The origin of ELP's turntable came from an American company named Finial Technologies, led by Michael Stoddard, who designed a prototype unit for playing vinyl using laser technology in the mid-1980s. Unfortunately, this coincided with the commercial rise of the CD, so Finial went into receivership and sold the rights to ELP in 1989.
The units are custom built to order - a typical price in the mid-2000s was about $11,000 to $15,000. The turntable uses a combination of five lasers, which point in different directions of the groove in a vinyl record to ensure a steady signal is picked up. Because of laser technology, loading and unloading a vinyl record is similar to the process used in most high end CD players.
The lack of mechanical components means it is far more capable of playing records, even those with scratches and warps, and it also allows direct track selection like a CD, along with the ability to change pitch in smaller increments, which is physically impossible using CD technology.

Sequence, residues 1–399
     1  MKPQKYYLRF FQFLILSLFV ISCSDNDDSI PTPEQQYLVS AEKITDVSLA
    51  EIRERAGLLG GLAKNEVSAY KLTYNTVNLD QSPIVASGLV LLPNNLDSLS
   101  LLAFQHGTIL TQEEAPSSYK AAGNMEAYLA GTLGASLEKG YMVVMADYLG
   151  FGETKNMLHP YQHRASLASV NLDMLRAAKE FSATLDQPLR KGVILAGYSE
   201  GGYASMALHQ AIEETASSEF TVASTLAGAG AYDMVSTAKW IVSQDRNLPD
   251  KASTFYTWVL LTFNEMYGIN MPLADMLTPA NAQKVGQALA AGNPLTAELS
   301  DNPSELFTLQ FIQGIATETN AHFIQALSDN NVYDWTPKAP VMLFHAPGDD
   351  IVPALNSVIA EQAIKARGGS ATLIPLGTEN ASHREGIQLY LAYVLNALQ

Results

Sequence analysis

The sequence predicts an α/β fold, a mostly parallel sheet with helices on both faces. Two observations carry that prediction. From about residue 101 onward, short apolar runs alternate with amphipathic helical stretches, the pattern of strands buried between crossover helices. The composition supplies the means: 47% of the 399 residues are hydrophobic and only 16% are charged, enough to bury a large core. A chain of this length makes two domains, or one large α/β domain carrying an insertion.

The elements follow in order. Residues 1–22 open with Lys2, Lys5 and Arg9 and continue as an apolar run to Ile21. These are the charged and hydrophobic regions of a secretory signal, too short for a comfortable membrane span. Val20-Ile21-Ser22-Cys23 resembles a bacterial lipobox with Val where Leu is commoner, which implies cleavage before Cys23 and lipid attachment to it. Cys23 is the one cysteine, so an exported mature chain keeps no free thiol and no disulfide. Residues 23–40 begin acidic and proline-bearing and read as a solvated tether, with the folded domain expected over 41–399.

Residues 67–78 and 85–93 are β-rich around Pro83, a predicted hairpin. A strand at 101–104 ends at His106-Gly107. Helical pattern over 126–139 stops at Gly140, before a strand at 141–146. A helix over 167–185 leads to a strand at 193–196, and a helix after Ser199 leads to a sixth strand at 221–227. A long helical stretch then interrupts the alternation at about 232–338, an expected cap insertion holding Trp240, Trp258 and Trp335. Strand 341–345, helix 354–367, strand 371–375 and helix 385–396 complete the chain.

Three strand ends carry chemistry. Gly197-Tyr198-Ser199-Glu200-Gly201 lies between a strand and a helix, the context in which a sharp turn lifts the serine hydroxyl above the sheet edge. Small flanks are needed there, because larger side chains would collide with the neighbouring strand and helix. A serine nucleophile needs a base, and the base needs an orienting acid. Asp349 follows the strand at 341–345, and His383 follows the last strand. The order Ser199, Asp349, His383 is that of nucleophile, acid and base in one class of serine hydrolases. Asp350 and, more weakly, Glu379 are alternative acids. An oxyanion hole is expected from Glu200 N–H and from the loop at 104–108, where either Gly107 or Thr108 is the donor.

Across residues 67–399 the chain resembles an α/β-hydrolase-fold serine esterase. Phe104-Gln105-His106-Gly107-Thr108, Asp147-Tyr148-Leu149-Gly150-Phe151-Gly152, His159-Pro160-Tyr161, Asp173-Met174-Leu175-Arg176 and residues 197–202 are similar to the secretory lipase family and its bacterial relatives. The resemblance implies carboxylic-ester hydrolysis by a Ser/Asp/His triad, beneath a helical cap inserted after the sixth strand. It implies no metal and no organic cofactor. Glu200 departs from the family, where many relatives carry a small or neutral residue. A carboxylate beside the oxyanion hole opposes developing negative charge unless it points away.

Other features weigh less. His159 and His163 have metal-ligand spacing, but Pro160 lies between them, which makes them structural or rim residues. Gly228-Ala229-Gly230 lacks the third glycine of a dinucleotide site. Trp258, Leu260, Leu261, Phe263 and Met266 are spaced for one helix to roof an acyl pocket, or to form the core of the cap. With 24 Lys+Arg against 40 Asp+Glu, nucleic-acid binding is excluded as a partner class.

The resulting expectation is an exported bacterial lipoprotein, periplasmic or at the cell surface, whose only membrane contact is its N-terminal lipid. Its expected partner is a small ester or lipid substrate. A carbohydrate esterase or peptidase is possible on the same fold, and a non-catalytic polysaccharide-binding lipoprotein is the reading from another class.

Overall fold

One notable disadvantage of the laser technology used is that it will not play clear or colored vinyl, which was sometimes used for novelty singles and promotional material. Another is that while the technology allows for superior sound pickup, it also “reads” all dust and dirt in the grooves rather than pushing it aside, so clicks and pops can become much more pronounced. A thorough and frequent cleaning of the vinyl is therefore required.
- "ELP LT-2XRC". zStereo. Retrieved 6 January 2017.
- Bill Gaw (April 2004). "Audiolics Anonymous Chapter 55 : ELP Laser Turntable". enjoythemusic.com. Retrieved 13 December 2012.
- "ELP Laser Turntable". 19 May 2006. Retrieved 13 December 2012.
- Ralph Glasgal (3 March 2000). "The ELP Laser Turntable". Stereo Times. Retrieved 13 December 2012.